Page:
One of those things – ironically enough – is social media. For all that ‘watching’ might be becoming a more solitary experience, there is enormous appetite these days for television that you can gossip about on Facebook, Twitter or even Instagram. “‘One-screen’ viewing seems to almost be a thing of the past,” says Claire. “There’s a new digital generation who won’t necessarily focus their attention on one screen - they’ll have the television on in the corner and also be on a tablet or phone.”
For broadcasters, provided they get the social media buzz right, it’s the audience doing their advertising for them. But as Claire points out, a side-effect is that it encourages people to watch and comment live, making television a shared experience again. We might not have been tweeting during the Coronation, but when Wills and Kate tied the knot Twitter recorded 67 mentions every second.
Beyond how we are viewing and where we are discussing it, the other big shift has been in what we are watching. For now, even if it’s online or on-the-go, most of us are lapping up the types of programmes we always did; hour long dramas like House of Cards, half hour sitcoms, and big-ticket sports events. “Much of what we are watching online is content that started life on TV, even if we are accessing it through iPlayer. It’s just a different delivery method,” Gill explains. “People still value TV-type content.”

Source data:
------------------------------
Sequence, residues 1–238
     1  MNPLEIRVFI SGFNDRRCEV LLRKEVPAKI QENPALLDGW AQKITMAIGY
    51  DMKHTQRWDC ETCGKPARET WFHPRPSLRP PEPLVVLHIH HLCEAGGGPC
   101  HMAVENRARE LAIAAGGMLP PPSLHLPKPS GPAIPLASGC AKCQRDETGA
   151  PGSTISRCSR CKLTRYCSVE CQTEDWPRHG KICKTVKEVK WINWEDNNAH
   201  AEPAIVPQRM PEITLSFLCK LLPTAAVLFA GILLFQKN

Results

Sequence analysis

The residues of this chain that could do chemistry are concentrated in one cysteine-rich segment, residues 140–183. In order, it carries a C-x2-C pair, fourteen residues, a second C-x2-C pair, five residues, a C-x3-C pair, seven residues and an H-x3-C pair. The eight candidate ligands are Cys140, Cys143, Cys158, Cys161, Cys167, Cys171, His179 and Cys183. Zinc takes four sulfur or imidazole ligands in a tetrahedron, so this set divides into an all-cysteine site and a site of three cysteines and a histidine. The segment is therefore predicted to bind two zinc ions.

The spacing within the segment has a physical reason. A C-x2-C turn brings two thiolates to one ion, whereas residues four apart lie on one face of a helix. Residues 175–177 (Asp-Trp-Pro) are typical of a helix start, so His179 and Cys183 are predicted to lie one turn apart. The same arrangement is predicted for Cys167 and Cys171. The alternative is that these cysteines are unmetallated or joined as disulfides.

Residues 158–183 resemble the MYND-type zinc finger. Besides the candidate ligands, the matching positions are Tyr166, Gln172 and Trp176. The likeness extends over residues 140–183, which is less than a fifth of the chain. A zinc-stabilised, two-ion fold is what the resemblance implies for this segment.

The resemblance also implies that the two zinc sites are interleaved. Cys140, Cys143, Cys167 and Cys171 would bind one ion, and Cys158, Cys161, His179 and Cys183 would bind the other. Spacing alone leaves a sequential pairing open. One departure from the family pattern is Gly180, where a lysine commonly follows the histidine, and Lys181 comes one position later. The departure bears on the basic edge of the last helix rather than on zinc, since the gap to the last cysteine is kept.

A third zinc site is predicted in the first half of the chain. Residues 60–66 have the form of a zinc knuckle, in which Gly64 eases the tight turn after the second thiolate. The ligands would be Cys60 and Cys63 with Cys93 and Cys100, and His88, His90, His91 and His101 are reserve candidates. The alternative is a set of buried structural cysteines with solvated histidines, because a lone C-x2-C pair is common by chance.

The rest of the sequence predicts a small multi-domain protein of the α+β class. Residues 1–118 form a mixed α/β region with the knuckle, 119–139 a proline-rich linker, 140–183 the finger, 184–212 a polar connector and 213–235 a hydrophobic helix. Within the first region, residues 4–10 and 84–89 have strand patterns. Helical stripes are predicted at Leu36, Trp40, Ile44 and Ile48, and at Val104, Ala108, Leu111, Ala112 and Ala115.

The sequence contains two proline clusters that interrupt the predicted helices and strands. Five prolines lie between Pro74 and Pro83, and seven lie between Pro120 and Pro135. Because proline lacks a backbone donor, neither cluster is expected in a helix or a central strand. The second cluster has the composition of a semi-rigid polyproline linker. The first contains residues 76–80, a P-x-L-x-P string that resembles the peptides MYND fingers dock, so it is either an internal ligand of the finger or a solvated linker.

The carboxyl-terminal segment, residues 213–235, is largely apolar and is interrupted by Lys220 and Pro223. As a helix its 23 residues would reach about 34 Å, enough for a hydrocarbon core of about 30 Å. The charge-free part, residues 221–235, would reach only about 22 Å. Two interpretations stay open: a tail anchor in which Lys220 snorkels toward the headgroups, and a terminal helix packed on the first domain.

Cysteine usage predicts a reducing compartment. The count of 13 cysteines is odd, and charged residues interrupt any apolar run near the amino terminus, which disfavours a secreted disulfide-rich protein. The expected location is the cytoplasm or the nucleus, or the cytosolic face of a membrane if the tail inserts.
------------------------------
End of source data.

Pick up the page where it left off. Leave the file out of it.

Whether we always will is anyone’s guess. Already, says Matt, we’re logging on to watch light entertainment like short videos. Among the younger generation, vloggers like Alfie Deyes and Zoella, famous for self-published online content, are household names. Teens “are actively waiting for content to be published on their favourite YouTube channel,” he says. “They want to be first to watch.”
That said, beyond a few hits, vlogger audiences tend to be under the age of 25. And even then, it’s still only a small chunk of the entertainment they are consuming. “Zoella’s total audience in a month is less than one episode of Made in Chelsea in terms of minutes,” Gill says. “It’s also very difficult to monetise.”
On vlogs, the jury is out. But ultimately, whether or not they catch on, the industry’s future depends on whether what’s on screen in front of us is any good. And with sites like Netflix developing their own shows and myriad ways to indulge in everything from Scandi Noir to US comedies, it’s perhaps never been better to be a couch potato. Across the pond, anyway, TV is where the good roles are. “The movie industry has largely switched over to blockbusters that can be shown anywhere in the world so have minimal dialogue, maximum action,” says Rob. The serious creatives have gone into TV instead.
With such high-quality programming, from Game of Thrones to The Fall, we can only hope they will stay there. As to how we will be watching in the future, or on what; who knows. “About the only thing we can say is that it’ll be a lot clearer for some broadcasters who’s watching what, since ratings are far easier to measure on the internet,” says Rob.
For the time being, it looks like the screen will still bring us together, in one format or other, to lust after Poldark or bicker about Match of the Day. “It will still excite and entertain and deliver,” Matt says. “It’s easy to get really existential, but what other format can command an audience of seven million in one go?” Television in 2015 is having a midlife crisis, possibly, but it’s not dead yet.